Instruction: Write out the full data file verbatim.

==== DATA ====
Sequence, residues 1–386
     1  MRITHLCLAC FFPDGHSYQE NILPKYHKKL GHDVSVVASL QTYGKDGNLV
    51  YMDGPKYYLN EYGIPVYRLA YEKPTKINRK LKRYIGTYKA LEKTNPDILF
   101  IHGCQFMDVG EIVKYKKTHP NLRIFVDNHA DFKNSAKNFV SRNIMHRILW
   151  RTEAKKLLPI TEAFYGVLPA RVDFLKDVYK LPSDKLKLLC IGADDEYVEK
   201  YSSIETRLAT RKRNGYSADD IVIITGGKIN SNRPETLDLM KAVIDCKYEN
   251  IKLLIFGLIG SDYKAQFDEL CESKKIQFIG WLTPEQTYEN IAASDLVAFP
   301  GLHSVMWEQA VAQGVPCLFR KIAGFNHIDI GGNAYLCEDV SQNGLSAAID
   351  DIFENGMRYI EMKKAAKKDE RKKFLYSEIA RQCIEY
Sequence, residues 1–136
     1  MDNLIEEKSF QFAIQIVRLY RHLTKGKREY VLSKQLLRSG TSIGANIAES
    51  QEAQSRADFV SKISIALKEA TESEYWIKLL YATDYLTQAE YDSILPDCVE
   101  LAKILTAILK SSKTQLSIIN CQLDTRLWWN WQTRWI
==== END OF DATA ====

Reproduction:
Sequence, residues 1–386
     1  MRITHLCLAC FFPDGHSYQE NILPKYHKKL GHDVSVVASL QTYGKDGNLV
    51  YMDGPKYYLN EYGIPVYRLA YEKPTKINRK LKRYIGTYKA LEKTNPDILF
   101  IHGCQFMDVG EIVKYKKTHP NLRIFVDNHA DFKNSAKNFV SRNIMHRILW
   151  RTEAKKLLPI TEAFYGVLPA RVDFLKDVYK LPSDKLKLLC IGADDEYVEK
   201  YSSIETRLAT RKRNGYSADD IVIITGGKIN SNRPETLDLM KAVIDCKYEN
   251  IKLLIFGLIG SDYKAQFDEL CESKKIQFIG WLTPEQTYEN IAASDLVAFP
   301  GLHSVMWEQA VAQGVPCLFR KIAGFNHIDI GGNAYLCEDV SQNGLSAAID
   351  DIFENGMRYI EMKKAAKKDE RKKFLYSEIA RQCIEY
Sequence, residues 1–136
     1  MDNLIEEKSF QFAIQIVRLY RHLTKGKREY VLSKQLLRSG TSIGANIAES
    51  QEAQSRADFV SKISIALKEA TESEYWIKLL YATDYLTQAE YDSILPDCVE
   101  LAKILTAILK SSKTQLSIIN CQLDTRLWWN WQTRWI